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Advanced Business Analysis
Overview:

This course is for business analysts looking to improve the way they elicit, analyze, document and communicate requirements. Using the proven case study model, participants explore two approaches to requirements modeling: the Unified Modeling Language (UML) and Information Engineering. Participants discover how modeling can help them make requirements decisions earlier in the system development life cycle, thus enhancing requirements quality and completeness. Data models, use cases, requirements traceability and prioritization are covered in depth. Designed to be prescriptive as well as descriptive, facilitators emphasize best practices through explanation and application. PDUs: 21 credits.

Audience:

Business analysts, system analysts, technical analysts, project managers, and subject matter experts who need to capture, document, and communicate requirements using models and use cases rather than traditional “word” documentation.

Prerequisites

Successful completion of Systemation’s practitioner certificate in business analysis program. Six months or more of practical business analysis experience. Familiarity with software systems analysis, design and implementation.

Course duration:

3 days

Course outline:

1. Introduction

  • Getting Started
  • Workshop Objectives
  • Workshop Agenda
  • Value Added Modeling
  • What is Business Analysis
  • The System Development Life Cycle
  • The Case Study
  • Getting the Most from This Workshop
  • Workshop Logistics
  • Workshop Materials
2. The Building Blocks
  • Why Modeling Is Important
  • Types of Models
  • What is a System?
  • Key Abstractions
  • Requirements
  • SMART Requirements
  • Requirements Traceability
  • Benefits
3. Business Modeling
  • Object Orientation
  • Benefits of Object Orientation
  • Syntax and Semantics
  • The Perspectives and Architectures of
  • UML
  • Visualizing
  • The Business Use-Case
  • Generalization, Inheritance Relationship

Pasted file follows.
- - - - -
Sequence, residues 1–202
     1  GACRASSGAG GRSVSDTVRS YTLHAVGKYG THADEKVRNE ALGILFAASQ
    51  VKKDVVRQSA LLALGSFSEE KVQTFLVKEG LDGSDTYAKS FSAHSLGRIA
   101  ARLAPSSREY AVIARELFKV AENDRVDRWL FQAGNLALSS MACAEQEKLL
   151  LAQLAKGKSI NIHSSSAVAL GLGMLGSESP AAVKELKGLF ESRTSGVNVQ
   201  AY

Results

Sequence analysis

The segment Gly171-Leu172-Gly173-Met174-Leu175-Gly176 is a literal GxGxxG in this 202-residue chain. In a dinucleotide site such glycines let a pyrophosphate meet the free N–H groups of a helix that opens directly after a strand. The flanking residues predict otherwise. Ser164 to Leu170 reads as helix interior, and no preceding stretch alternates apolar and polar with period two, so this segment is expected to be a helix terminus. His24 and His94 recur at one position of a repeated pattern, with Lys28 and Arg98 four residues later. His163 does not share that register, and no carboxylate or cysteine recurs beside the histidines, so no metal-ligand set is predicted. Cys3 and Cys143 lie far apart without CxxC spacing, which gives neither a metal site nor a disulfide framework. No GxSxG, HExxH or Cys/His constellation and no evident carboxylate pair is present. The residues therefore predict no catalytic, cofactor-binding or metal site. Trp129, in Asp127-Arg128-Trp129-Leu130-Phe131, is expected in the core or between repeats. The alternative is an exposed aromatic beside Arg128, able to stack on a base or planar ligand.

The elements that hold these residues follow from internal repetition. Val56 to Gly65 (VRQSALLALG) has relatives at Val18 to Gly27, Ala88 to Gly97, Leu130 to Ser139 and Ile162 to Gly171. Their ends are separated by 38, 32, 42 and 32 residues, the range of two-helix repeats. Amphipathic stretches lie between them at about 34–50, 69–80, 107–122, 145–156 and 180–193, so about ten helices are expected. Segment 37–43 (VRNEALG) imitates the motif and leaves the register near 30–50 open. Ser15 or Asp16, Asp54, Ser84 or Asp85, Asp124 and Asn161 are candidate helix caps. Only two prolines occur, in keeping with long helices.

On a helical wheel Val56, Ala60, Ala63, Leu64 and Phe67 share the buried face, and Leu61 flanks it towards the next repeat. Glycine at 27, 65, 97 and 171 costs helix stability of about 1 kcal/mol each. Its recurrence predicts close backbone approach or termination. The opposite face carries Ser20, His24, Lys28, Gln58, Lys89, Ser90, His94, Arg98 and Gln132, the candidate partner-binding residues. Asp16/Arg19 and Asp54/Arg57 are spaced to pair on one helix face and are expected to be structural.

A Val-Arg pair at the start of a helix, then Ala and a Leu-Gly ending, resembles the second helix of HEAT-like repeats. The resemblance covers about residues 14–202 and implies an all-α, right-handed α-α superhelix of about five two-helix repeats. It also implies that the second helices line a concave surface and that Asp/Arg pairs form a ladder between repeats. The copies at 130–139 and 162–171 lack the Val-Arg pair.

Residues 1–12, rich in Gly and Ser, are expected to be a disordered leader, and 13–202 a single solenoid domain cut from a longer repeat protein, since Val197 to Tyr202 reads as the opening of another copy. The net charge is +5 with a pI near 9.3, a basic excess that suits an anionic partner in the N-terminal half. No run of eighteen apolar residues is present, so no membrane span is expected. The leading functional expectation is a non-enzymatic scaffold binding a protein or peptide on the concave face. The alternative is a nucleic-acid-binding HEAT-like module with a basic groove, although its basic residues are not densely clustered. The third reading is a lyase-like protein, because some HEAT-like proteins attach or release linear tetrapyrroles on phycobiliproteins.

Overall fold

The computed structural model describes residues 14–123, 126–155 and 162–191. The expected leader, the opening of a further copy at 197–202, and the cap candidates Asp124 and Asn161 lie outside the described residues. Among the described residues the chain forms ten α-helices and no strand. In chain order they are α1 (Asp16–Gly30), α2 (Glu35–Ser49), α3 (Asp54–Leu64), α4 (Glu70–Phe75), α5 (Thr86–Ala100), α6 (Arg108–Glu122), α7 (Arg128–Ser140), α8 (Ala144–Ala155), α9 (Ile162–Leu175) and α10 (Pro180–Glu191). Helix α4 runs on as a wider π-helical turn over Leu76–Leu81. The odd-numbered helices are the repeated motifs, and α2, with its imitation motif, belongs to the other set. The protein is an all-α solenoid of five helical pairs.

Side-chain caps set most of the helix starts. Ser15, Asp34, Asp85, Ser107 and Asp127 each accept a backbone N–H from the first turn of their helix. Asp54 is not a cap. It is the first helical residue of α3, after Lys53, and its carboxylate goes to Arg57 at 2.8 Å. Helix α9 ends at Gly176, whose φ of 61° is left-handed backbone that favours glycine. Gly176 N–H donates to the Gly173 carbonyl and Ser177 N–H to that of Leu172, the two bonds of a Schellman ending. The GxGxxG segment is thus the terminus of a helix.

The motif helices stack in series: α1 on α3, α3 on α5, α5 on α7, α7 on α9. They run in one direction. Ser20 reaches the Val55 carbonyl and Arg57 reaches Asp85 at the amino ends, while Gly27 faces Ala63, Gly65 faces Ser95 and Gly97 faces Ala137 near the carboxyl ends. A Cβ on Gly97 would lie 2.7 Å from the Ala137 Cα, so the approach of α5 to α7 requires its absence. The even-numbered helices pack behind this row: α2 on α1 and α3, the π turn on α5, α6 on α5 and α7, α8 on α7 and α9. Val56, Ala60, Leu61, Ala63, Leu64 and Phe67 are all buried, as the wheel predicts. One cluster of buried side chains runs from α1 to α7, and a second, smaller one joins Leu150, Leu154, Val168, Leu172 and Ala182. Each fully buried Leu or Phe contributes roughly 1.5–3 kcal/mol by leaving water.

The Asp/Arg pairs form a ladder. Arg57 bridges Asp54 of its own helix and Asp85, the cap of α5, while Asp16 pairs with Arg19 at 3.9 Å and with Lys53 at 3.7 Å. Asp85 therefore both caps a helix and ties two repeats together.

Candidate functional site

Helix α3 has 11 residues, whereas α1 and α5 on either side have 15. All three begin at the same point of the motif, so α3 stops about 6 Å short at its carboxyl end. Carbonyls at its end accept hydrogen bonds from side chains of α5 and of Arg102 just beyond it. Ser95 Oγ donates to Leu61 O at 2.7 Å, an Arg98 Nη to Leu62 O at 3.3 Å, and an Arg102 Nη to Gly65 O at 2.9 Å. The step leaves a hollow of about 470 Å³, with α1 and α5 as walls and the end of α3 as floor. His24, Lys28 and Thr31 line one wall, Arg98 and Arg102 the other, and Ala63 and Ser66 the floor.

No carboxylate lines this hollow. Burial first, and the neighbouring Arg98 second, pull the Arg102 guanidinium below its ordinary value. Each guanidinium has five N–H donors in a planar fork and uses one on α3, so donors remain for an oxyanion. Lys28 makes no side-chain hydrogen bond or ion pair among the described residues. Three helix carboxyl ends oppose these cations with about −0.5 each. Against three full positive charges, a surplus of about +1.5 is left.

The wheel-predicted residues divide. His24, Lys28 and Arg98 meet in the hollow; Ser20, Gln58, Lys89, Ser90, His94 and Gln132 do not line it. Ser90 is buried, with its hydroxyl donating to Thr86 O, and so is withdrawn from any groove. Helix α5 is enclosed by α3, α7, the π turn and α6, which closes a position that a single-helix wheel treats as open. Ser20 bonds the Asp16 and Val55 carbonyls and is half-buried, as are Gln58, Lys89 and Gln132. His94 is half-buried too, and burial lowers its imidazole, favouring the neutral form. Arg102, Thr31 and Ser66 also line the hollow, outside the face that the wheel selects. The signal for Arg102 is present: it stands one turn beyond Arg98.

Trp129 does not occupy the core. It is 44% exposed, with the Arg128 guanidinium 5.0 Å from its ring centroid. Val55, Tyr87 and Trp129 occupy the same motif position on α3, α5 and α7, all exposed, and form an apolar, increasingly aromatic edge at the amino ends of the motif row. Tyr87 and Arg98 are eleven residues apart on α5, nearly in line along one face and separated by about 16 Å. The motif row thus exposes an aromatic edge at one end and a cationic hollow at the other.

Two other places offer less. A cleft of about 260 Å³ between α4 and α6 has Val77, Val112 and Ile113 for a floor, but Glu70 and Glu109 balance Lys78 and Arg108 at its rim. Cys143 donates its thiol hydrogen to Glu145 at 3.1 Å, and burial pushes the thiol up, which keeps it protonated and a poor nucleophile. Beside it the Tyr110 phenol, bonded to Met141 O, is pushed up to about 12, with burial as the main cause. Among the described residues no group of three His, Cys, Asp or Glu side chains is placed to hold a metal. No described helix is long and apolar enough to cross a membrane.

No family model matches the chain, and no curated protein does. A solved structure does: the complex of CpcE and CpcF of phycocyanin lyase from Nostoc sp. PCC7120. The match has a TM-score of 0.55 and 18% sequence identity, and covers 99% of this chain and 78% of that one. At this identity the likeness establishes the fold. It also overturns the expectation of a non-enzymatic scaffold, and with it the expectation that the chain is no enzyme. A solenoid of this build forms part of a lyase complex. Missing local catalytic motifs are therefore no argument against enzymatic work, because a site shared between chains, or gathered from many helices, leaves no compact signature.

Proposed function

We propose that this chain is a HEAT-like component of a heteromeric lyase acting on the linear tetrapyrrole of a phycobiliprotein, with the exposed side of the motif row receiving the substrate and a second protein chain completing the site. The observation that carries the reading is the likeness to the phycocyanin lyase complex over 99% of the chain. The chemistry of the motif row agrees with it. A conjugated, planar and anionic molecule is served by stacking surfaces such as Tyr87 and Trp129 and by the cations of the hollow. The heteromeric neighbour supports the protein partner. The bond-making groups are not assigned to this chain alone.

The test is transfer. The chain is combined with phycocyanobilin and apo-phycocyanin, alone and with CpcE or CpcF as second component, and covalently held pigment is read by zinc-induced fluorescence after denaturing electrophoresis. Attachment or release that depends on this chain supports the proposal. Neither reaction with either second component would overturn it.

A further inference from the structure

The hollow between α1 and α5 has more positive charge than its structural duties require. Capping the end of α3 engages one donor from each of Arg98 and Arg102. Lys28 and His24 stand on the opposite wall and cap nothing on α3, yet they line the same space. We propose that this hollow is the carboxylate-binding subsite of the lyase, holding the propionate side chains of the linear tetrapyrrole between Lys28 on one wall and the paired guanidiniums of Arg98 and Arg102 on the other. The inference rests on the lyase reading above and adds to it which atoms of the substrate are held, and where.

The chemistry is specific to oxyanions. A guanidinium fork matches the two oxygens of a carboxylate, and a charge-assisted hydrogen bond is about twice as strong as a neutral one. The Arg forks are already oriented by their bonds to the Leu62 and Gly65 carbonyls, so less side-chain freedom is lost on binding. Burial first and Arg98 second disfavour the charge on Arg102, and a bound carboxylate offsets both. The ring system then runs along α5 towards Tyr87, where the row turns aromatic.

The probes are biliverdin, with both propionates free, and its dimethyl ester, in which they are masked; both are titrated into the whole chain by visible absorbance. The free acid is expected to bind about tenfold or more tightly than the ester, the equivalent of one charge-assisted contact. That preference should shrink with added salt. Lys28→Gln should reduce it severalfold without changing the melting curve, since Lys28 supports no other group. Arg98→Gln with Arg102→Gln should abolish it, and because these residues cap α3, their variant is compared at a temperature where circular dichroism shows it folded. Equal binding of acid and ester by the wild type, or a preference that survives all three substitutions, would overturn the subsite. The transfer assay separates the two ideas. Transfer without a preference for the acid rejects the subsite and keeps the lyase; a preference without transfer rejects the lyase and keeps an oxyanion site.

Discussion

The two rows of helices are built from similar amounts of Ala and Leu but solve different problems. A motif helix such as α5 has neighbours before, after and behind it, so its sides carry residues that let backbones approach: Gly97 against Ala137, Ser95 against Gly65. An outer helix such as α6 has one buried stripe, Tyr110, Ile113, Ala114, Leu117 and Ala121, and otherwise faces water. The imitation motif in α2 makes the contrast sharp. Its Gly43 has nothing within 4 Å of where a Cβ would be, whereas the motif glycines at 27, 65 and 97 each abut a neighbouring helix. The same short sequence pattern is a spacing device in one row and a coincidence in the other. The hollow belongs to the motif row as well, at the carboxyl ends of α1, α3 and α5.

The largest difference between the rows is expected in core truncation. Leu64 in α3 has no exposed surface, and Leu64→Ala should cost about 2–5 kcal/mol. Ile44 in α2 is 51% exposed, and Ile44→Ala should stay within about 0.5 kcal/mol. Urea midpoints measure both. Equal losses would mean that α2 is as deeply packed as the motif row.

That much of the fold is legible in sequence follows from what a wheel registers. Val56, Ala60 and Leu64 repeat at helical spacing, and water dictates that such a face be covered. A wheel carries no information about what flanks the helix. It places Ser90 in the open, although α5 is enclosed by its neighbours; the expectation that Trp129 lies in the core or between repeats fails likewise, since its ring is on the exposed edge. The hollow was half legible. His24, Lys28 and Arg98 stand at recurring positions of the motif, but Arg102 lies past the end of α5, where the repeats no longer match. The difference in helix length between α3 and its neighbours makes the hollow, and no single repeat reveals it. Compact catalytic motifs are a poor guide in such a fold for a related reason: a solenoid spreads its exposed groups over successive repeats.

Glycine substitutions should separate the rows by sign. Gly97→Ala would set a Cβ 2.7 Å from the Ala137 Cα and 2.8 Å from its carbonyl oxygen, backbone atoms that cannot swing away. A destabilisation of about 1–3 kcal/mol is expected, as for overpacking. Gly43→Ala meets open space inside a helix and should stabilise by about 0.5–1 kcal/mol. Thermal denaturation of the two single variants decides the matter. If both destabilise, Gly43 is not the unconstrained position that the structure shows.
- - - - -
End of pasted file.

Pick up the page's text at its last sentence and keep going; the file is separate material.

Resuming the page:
• Assumptions
  • Constraints
4. Classes & Objects
  • Elements of Object Orientation
  • Class
  • Class Diagram
  • The Dictionary
  • Objects
  • Messages
  • Sequence
  • Sequence Diagram
  • Best Practices of Object Orientation
5. Behavioral Modeling
  • Activity Diagram
6. Use Cases
  • The Use Case
  • Why Use Cases?
  • Actor-Action Modeling
  • Use Case Diagram
  • Relationships Between Use Cases
  • Identifying Use Cases
  • Textual Use Case
  • Scenarios
  • Use Case Template
7. System Views
  • The UML System Architecture
  • Viewpoints
  • The Five Perspectives
  • The History of UML
8. Conceptual Data Models
  • The Principle of Abstraction
  • Information Engineering
  • Conceptual Models
  • Entity Relationship Diagrams
9. Logical Data Models
  • Data Modeling Recap
  • Drilling Down From the
  • Conceptual Level
  • The Three Models
  • Conceptual Data Model
  • Logical Data Model
  • Physical Data Model
  • Logical Data Modeling
  • Databases
  • Keys
  • Data Model Views
10. Normalization
  • Data Model Quality
  • Data Quality Is
  • Normalization Tests
  • Benefits of normalization
  • Functional Dependency and
  • Primary Keys
  • First Normal Form
  • Second Normal Form
  • Third Normal Form
  • Fourth Normal Form
  • Clear Thinking About Data
  • Quality Assurance
  • Semantic Analysis
11. Value Added Modeling
  • Requirements Prioritization
  • Requirements Re-use
  • Isomorphism
  • So Which Approach?

 
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